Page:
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President John Gee-Grant addresses AGM

 

30 November 2017

Deputy Head, Members of the Common Room, senior prefects, fellow Old Citizens,

I want to thank Andrew for his kind words and just say how great it is to see such a strong turnout this evening from the school and JCC.  I believe strongly that the experiences you have in your formative years at school are the most endearing in your lifetime and I certainly look back on my time at CLS with great fondness, both for the teachers I was fortunate enough to have but importantly for the great friendships I made and still have with many Old Citizens. I know everyone involved with JCC feels the same.


My first words as President must be to thank Mark and the whole John Carpenter Club committee, along with Cami and Sarah for the tremendous work they have put in over the past year for the benefit of Old Citizens. It was an unbelievable honour to be nominated by Bruce Todd and Stephen Kelly to be JCC President this year. Standing here as President is something that I could never have envisaged this time last year or indeed at any point in my career, but I will do everything I can to live up to the high standards that Mark and previous Presidents have set.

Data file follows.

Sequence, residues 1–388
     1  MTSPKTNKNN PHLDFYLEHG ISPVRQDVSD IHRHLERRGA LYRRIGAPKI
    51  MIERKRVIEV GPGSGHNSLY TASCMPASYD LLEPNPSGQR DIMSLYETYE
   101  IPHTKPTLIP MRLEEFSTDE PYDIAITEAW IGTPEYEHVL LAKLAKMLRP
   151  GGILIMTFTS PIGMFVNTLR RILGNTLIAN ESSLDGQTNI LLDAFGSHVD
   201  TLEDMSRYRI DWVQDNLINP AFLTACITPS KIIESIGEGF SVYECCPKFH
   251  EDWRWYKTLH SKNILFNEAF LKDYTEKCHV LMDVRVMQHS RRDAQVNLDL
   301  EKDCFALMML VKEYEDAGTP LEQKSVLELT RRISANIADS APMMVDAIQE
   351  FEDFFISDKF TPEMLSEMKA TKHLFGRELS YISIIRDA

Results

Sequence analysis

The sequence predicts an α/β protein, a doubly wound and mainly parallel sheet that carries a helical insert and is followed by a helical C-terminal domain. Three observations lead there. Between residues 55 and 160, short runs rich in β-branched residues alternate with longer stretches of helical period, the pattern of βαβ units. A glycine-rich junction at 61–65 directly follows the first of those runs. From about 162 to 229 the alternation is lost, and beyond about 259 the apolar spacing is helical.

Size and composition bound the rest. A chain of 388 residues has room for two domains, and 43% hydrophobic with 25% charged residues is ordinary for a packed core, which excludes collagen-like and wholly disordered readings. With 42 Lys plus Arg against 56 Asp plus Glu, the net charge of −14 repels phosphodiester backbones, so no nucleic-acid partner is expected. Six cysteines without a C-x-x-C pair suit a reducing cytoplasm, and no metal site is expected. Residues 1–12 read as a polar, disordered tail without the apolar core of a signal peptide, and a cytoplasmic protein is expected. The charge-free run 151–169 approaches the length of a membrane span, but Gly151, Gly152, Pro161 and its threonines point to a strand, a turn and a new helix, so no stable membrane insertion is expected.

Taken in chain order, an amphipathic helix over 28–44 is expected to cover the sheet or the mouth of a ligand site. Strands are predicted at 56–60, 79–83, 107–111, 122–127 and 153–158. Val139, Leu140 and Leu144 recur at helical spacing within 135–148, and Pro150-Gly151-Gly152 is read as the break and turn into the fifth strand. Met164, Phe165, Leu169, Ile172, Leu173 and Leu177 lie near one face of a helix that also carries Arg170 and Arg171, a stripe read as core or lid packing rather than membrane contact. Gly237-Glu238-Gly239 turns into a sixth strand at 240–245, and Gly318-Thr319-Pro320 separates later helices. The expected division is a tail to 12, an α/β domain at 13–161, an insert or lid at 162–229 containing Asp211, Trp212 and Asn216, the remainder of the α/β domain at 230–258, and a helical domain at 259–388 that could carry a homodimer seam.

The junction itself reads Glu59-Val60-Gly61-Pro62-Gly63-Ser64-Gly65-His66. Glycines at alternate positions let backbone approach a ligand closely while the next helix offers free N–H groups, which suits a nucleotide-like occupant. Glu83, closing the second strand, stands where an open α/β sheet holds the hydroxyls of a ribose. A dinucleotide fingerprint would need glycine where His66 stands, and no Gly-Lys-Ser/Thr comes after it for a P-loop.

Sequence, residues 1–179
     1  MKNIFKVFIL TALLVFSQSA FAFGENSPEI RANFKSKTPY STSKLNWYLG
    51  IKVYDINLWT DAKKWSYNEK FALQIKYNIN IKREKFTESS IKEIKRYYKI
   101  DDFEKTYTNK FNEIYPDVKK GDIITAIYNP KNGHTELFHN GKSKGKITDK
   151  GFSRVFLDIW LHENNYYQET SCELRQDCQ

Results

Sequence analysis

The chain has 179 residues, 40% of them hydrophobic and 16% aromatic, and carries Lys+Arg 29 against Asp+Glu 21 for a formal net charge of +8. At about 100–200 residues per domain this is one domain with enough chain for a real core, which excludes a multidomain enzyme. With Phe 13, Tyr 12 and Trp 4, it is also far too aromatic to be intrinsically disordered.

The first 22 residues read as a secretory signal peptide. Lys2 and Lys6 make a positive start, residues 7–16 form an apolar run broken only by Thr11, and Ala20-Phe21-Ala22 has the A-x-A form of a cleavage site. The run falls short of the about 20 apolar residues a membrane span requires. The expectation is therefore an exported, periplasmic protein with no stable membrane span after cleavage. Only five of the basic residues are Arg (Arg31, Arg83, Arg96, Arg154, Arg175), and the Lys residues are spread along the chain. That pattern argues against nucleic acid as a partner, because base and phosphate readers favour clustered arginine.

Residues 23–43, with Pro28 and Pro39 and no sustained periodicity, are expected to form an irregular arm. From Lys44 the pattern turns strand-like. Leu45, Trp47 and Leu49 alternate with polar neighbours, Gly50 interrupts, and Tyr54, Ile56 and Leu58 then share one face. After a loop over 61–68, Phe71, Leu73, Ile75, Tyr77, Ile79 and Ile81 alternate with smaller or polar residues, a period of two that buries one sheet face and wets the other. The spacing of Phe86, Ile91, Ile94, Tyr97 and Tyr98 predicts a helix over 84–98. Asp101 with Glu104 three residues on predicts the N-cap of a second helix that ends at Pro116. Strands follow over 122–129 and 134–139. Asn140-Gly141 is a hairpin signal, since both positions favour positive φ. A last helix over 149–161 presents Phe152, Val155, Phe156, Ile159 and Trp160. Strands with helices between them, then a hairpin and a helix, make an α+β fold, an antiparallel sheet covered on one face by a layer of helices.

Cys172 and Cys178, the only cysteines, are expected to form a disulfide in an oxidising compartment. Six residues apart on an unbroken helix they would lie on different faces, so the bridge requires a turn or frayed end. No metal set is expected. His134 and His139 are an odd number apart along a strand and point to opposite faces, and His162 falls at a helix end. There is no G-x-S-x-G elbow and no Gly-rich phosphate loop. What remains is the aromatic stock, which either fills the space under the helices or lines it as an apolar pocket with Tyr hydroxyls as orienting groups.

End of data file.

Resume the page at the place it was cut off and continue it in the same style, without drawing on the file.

Looking back, I remember my first day at school almost better than any other. In September 1978, walking up the steps of such an iconic building at Victoria Embankment to be greeted by a bust of Asquith and a welcoming group of boys who proceeded to detag my tie with what seemed like garden shears was indeed a memorable start. I was lucky enough to be put straight into the 2nd year (now year 8) from my primary school but everything seemed daunting, not just because I was younger than most others. My primary school was a short walk from home and finished every day at 12.45. To travel the hour to school through Essex and the East end on the Tube was one thing but arriving at such an impressive building in the City and ‘stepping up’ was another. After meeting the rest of 2B1on my first morning, the 20 or so in our form then played a gentle game of round the table on a table tennis table in the play room where I managed to break another boy’s nose as I brought my bat back to smash the ball. The table was covered in blood and I certainly made an impact. The answer to ‘how was your first day at school’ must have frightened the life out of my Mum and Dad when they saw I only wore half a tie with blood stains all over and had broken someone’s nose.